Virginia Child Custody and Child Visitation
Virginia courts will grant child custody and visitation rights in accordance with the best interests of the child standard. If a parent obtains child custody, they have the right to make numerous decisions regarding the child. When making a child custody or child visitation determination, Virginia courts will consider a variety of factors on a case-by-case basis. Due to the importance of child custody proceedings, it is bly advised that you consult a Virginia child custody attorney prior to entering child custody or child visitation proceedings.
Virginia Child Custody
When determining whether a parent will receive child custody in Virginia, courts will serve the child's best interests while attempting to preserve the dignity and resources of the family. Virginia courts will consider the following factors when deciding the child's best interests:
The court may interview the child regarding custody and make a record of the interview. This interview may be used during the child custody proceedings unless the parties agree that the child should not be interviewed by the court.
Courts in Virginia require that any parent receiving child custody must give the court and the other parent at least 30 days' notice before moving, unless the moving party has good cause for not doing so.
A parent going through the child custody process is bly recommended to obtain a Virginia child custody attorney to ensure adequate representation in court.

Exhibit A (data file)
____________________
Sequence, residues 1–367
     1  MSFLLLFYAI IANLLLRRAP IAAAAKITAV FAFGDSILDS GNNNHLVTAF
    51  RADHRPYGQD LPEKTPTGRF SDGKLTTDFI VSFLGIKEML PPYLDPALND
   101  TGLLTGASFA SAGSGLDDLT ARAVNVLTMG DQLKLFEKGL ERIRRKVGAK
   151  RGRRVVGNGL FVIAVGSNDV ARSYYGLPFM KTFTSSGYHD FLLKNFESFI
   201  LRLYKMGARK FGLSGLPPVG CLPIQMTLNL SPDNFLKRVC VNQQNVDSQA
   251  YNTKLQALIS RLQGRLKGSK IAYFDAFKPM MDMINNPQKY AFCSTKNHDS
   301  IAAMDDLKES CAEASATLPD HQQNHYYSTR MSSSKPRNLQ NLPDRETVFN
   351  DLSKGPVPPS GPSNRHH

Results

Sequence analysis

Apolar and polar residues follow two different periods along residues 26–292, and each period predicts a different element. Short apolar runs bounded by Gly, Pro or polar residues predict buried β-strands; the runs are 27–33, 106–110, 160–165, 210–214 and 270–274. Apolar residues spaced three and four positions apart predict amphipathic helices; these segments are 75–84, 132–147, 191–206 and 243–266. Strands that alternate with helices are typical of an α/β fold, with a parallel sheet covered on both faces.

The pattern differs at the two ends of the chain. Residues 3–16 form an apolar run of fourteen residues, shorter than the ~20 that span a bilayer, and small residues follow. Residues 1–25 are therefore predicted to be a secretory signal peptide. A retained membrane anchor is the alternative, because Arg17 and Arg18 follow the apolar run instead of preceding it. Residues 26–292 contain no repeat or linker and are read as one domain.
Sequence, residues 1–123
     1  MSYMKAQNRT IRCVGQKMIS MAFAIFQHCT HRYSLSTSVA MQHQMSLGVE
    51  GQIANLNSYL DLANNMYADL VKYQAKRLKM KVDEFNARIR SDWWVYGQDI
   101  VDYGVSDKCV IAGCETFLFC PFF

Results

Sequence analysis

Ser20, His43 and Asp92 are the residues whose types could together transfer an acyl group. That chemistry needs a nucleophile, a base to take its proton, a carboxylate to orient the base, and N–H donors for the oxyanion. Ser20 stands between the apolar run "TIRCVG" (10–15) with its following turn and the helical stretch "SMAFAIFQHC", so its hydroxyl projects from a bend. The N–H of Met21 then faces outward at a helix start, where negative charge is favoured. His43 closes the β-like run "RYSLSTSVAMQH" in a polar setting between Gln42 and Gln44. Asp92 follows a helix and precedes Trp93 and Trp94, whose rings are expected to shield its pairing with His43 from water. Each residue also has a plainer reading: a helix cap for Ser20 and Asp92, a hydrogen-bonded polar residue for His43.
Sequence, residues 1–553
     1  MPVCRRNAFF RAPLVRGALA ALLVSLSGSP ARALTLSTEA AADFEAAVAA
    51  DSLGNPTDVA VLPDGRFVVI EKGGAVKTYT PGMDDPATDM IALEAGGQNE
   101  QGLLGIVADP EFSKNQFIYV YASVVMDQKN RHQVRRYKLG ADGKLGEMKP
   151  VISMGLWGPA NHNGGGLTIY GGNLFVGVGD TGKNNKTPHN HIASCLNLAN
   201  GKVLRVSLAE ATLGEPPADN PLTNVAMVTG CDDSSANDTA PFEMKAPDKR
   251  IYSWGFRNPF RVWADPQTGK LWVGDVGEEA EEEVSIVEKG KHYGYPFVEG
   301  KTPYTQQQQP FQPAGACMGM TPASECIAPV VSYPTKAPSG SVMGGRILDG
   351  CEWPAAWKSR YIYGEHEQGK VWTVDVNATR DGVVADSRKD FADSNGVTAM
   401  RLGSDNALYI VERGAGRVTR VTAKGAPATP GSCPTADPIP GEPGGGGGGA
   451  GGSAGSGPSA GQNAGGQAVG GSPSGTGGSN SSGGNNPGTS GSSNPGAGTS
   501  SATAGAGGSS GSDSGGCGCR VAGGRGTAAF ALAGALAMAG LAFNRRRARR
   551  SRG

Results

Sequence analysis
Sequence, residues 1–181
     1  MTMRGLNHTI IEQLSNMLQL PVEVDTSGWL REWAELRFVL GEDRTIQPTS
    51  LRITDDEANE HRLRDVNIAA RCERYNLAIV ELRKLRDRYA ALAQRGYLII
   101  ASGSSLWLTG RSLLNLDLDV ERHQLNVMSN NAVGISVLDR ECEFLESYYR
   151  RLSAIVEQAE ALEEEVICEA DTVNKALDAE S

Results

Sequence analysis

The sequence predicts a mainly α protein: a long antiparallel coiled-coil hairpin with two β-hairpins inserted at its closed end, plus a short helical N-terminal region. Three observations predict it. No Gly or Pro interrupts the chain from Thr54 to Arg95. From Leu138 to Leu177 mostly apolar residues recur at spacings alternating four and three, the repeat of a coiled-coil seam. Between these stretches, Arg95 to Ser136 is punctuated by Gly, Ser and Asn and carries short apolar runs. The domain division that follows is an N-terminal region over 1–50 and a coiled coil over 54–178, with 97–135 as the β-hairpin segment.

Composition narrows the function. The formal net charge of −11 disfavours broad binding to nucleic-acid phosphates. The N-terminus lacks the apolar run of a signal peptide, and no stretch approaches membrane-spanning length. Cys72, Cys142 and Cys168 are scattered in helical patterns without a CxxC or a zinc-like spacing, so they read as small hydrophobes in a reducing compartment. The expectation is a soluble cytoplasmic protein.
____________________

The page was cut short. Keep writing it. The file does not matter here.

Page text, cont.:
Virginia Child Visitation Rights
Courts will grant reasonable visitation rights to parents and certain nonparents without custody if it is in the child's best interests. These rights will allow the parent or certain nonparent to visit and spend time with the child. A parent with custody may petition the court to stop the noncustodial parent from attempting to receive visitation rights if doing so is in the child's best interests and such parent has been convicted of one of the following crimes:
a) murder or involuntary manslaughter
b) felony assault resulting in serious injury
c) felony sexual assault against the child
If the custodial parent interferes with the noncustodial parent or nonparent's court granted child visitation rights, Virginia courts may punish the custodial parent by finding him or her in contempt of court. The same can be said about the noncustodial parent's interference with the custodial parent's custody rights.
A Virginia child custody attorney with experience working on child visitation rights should be consulted when attempting to obtain or fight against child visitation.